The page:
~ by Trevor Phipps ~
History may have been recorded politically in Cripple Creek.
For the first time in recent years, the city clerk swore in two newly-elected female council members. There have been women serving on the council before, but it is unsure when, or if ever, two females were sworn in at the same time. The new council makeup is much different than previous administrations.
On Dec. 5, newly elected council members Megan Rozell and Melissa “Missie” Trenary took the oath. The newly elected members then took a seat on the city council panel and got to participate in making decisions for the city for the first time since the Nov. 7 election was concluded. They have replaced Steve Zoellner and Milford Ashworth, who couldn’t run again due to term limits.
Despite a near standing-room-only crowd, the recent meeting was highlighted by discussions of mostly business items. In the wake of the 2017 election, the council approved the lodging tax ordinance that was drafted by the city attorney. On Nov. 7, Cripple Creek residents voted a resounding “yes” for a new proposed 6 percent lodging tax to be imposed within city limit. As a result, the council members officially had to vote in the ordinance, allowing the city to implement the levy on overnight, paid rooms, starting January 1, 2018.
New Production Company for the Butte
The council also addressed the changing of the guard with main production company for the Butte Theater. In 2018, the city will have a new production company doing shows at the Butte Theater. Last month, the Thin Air Theatre Company decided that the Christmas show would become their final production, as they couldn’t reach a final agreement with the Butte Theater board. This ended a decade-long running for the Thin Air Theatre Company in Cripple Creek.
The city has secured an arrangement with the Mountain Repertory Theatre (MRT) group, which will take over producing the melodrama and other shows in 2018. With the new production company, the live theatrical performances will continue in 2018, according to the Butte Theater board and city officials.
During the recent council meeting, a local resident voiced concerns about the city’s deal with the new production company. “The Butte Theater is a very, very important part of Cripple Creek and it’s important that the city support it,” the resident commented. During her speech the resident expressed some concerns with the fact that the city raised the lease for the new company.
The city allots a total of $280,000 to support the live shows at the Butte Theater.
At the end of the year the city gets $210,000 back from the production company’s ticket sales for the lease of the Butte Theater Building. In previous years the amount that the city got back was only $200,000 meaning an increase of the lease by $10,000.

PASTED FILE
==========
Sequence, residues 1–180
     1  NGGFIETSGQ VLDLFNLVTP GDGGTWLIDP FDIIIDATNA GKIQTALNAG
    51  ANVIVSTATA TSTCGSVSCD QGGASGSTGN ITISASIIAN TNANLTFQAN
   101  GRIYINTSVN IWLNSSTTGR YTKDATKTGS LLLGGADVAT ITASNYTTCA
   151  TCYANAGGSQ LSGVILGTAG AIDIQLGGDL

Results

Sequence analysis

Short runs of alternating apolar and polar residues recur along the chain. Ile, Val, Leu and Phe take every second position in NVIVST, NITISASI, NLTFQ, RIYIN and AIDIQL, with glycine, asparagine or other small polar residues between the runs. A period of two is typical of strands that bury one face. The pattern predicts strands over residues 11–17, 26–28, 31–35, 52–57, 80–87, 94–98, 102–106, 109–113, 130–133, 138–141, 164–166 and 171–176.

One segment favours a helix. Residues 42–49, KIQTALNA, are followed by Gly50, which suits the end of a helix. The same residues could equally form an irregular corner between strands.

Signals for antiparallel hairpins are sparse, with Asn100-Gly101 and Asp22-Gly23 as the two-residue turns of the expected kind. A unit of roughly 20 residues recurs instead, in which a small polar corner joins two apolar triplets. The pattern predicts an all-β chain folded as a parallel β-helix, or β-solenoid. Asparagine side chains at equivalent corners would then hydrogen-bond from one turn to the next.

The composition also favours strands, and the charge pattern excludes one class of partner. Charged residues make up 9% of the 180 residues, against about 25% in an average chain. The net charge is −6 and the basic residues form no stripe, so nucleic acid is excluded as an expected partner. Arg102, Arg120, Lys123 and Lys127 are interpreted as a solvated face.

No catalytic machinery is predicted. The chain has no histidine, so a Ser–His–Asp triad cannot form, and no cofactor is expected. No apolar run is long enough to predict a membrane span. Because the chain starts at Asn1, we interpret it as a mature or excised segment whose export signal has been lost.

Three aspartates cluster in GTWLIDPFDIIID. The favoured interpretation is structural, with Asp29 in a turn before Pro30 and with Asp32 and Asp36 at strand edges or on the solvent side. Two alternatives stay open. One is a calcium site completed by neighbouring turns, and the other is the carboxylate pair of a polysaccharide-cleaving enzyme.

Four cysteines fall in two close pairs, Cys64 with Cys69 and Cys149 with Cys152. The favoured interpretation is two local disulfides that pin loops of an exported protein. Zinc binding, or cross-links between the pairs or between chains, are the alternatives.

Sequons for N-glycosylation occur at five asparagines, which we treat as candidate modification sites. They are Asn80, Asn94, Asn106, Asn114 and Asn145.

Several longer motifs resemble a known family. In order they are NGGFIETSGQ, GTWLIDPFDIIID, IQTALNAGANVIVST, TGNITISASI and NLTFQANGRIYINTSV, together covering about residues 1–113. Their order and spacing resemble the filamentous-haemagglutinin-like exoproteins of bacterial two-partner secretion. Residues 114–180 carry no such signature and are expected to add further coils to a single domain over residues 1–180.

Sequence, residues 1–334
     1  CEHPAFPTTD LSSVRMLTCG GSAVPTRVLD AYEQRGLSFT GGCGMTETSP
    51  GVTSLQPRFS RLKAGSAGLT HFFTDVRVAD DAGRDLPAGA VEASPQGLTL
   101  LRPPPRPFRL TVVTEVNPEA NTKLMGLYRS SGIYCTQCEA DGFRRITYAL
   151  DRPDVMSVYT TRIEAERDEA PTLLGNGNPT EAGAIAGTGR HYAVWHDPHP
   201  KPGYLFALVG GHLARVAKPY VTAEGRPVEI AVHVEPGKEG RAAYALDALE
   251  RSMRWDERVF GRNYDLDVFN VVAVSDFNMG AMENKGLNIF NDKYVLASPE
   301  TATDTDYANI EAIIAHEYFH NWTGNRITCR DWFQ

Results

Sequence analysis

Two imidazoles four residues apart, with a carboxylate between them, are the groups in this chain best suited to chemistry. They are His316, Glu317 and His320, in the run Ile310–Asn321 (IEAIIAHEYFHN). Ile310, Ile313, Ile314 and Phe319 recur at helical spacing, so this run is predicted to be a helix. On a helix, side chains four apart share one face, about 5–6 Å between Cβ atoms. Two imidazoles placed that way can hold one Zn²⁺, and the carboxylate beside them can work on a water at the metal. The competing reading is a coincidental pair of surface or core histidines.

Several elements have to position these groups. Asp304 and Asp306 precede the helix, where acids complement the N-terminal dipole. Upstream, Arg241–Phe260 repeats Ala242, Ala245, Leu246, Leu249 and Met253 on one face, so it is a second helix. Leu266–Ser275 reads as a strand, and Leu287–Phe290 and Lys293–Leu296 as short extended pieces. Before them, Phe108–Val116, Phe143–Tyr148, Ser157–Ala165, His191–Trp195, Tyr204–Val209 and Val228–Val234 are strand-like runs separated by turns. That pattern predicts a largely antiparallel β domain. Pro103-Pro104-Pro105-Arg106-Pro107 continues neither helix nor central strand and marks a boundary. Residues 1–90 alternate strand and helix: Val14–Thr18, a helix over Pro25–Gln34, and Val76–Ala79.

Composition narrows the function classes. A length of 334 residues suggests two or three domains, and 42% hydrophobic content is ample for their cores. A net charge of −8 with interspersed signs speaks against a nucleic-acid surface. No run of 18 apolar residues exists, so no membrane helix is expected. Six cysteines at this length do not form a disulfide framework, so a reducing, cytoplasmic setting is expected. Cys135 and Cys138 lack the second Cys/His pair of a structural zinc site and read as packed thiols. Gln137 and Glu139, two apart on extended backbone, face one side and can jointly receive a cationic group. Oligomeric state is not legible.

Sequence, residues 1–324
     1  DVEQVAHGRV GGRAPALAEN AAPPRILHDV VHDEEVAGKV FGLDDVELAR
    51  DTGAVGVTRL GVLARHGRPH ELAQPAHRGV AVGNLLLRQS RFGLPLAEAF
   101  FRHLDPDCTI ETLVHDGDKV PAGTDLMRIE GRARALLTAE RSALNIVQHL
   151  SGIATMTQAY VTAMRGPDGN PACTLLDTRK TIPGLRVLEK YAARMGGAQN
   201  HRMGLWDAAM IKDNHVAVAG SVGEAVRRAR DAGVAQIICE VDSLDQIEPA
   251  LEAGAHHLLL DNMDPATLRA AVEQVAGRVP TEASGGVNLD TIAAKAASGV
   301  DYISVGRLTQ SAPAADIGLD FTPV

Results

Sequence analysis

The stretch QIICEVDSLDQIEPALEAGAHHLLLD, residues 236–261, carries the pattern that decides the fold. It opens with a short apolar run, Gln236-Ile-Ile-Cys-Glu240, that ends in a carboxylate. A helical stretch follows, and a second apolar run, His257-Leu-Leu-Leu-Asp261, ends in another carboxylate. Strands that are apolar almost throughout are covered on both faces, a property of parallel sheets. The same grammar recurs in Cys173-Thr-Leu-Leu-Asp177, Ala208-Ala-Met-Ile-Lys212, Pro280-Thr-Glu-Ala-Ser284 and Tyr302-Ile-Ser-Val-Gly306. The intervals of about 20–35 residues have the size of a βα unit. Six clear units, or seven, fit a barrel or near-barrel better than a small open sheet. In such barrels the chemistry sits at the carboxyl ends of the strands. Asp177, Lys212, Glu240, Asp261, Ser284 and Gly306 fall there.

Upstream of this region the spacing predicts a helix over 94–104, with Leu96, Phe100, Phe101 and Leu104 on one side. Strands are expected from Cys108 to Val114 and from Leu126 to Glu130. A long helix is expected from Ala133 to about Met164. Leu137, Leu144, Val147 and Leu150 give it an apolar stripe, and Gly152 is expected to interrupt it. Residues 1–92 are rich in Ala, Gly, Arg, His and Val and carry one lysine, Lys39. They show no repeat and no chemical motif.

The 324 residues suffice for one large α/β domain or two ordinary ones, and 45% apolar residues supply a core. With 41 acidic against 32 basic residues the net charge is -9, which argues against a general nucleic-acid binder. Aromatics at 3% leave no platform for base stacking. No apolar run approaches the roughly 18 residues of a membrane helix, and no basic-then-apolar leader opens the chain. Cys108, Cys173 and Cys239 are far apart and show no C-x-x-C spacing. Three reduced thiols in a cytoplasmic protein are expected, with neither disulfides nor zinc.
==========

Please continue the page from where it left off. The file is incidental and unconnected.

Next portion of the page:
One of the goals of the Butte Theater board has been to try to operate the shows in a more self-sufficient manner, with less financial support from the city.
On Dec. 5, the council also approved the recommendations of the community allocations funding. The Pioneers in Public Service group presented their recommendations to council regarding which local non-profits would receive city funding and how much each group would get. The Pioneers in Public Service group consists of a number of students of the Cripple Creek- Victor High School. The group of ten students met together as a board and determined how much each local non-profit would receive based on their applications. The council voted unanimously to accept the group’s recommendations for the city’s community allocation funds.
During the city administrator’s report, a couple of key items were announced. The city announced that the demolition process of the Cripple Creek Motel, which was burnt down in a fire, is moving along. The building is currently going through asbestos abatement. Once the abatement is finalized, the building’s demolition will begin. According to the city officials, Earth Works Excavating will begin the demolition of the old motel in January 2018.
City Administrator Ray DuBois also discussed the results of the state’s audit regarding Cripple Creek’s use of the historical preservation grant monies. The auditors determined that there was a large portion of the grant money the city used for expenses that do not fall into the typical categories of historical preservation.
According to the state audit, a large chunk of the money Cripple Creek receives from the state historic fund goes to things other than the preservation of historical buildings. According to DuBois, the portion of the money in question goes to fund such expenses as the operation of museums and the production of certain shows at the Butte Theater, which the city sees as contributing to historical preservation.
This audit is part of a scrutiny of funds used for preservation in all three gaming communities. Concerns have been raised by some lawmakers about whether the preservation guidelines, an important part of the campaign for limited stakes gaming, are being followed, especially in Black Hawk. But this audit applies also to Cripple Creek and Central City.
It is still unclear what action will occur following this report.